Dutchman

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Dutchman

1. a native, citizen, or inhabitant of the Netherlands
2. South African often derogatory an Afrikaaner

dutchman

[′dəch·mən]
(engineering)
A filler piece for closing a gap between two pipes or between a pipe or fitting and a piece of equipment, if the pipe is too short to achieve closure or if the pipe and equipment are not aligned.

dutchman

1. A small piece or wedge inserted as filler to stop an opening.
2. A small piece of material used to cover a defect, to hide a badly made joint, etc.
3. A short lead nipple used to join two pipes which are otherwise not long enough to be joined.
References in periodicals archive ?
The last landlord was Mr Brooke Coldwell, who took over the Railway Inn in Station Road, who is pictured (right) with some of the Dutchmen 'regulars'.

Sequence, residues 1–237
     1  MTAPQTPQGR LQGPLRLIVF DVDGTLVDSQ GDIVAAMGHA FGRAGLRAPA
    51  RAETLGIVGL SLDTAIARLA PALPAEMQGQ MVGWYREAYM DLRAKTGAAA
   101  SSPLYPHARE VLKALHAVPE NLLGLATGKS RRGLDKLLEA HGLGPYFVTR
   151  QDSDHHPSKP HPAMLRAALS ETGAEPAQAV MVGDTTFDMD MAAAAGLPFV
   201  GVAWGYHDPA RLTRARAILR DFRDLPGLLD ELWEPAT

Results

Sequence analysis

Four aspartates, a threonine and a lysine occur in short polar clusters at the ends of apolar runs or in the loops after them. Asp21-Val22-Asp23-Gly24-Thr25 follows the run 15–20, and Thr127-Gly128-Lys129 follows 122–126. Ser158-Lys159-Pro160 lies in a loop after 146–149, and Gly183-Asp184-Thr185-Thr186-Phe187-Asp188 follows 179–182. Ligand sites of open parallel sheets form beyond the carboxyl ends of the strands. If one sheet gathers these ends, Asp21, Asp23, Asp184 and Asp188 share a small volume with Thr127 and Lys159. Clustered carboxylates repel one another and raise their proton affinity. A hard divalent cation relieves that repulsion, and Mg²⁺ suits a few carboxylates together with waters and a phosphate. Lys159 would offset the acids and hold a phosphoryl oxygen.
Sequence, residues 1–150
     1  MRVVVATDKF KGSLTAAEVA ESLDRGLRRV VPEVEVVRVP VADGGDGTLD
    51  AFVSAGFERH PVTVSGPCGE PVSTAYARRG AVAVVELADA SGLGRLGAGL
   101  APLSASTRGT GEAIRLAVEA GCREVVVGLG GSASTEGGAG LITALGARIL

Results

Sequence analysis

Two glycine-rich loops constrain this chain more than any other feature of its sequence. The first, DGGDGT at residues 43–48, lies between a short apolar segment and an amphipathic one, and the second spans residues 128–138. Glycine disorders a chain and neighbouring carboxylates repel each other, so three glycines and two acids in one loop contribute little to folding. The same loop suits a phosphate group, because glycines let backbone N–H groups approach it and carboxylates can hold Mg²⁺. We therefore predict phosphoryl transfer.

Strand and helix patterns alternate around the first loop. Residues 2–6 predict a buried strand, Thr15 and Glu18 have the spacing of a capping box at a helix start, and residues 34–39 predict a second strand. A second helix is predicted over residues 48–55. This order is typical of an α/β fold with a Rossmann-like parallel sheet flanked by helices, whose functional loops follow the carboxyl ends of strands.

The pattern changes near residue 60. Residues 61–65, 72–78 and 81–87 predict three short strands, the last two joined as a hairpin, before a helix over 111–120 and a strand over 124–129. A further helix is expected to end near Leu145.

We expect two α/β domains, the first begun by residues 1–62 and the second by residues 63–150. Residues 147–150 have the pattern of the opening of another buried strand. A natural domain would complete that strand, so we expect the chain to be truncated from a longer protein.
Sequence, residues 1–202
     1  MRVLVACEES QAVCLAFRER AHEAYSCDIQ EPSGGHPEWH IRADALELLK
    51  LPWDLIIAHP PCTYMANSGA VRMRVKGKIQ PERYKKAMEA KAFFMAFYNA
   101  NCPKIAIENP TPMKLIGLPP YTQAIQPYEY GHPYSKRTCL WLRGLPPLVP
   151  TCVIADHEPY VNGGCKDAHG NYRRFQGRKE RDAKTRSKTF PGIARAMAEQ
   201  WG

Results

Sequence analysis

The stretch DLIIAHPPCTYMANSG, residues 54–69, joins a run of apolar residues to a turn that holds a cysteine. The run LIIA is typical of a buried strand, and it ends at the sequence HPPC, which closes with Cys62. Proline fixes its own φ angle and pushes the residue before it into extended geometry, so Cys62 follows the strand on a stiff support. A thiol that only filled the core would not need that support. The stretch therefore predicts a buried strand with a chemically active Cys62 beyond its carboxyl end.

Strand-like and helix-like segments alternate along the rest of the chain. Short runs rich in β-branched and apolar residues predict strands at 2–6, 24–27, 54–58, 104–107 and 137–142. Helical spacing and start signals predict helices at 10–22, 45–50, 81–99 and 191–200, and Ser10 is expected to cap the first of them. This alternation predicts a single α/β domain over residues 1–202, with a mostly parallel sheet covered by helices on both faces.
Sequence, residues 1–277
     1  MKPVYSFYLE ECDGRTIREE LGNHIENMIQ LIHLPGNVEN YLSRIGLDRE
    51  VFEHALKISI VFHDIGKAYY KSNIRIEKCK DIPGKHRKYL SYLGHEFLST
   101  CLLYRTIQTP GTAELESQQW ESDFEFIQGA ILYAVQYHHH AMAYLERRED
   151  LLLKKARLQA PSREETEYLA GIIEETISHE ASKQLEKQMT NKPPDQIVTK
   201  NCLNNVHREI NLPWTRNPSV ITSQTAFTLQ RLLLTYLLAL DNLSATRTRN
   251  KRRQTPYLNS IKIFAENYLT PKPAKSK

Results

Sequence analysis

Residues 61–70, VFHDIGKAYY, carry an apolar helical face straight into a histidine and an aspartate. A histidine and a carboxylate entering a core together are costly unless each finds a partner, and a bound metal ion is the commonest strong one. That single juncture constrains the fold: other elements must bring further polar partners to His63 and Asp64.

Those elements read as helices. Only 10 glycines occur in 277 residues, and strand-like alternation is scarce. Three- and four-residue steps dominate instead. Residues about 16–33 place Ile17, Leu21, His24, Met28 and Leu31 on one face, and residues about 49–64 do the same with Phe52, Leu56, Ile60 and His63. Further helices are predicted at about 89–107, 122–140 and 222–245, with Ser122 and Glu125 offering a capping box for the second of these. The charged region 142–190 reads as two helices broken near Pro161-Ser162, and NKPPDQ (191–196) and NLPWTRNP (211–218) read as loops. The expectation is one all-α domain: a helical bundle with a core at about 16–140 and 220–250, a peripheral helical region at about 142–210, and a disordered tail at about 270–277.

Trip organiser Paul Coppin, 57, from Mildenhall, Suffolk, and Wayne Groves, 38, of Tamworth, were the first Britons to be released after the two Dutchmen were let out.
Many of the Bruins had watched from their hotel rooms in Seattle on Saturday as the Pride (26-4), formerly the Flying Dutchmen, beat Delaware to win the America East Conference title.
On the cover were two of his fellow Dutchmen, Theo Snelders and Hans Gillhaus, who won the Scottish Cup with Aberdeen back in 1990.
The Dutchmen jumped for joy as they celebrated a success which guaranteed them their own place in the record books, becoming the first duo in the Open era to win all four Grand Slam titles.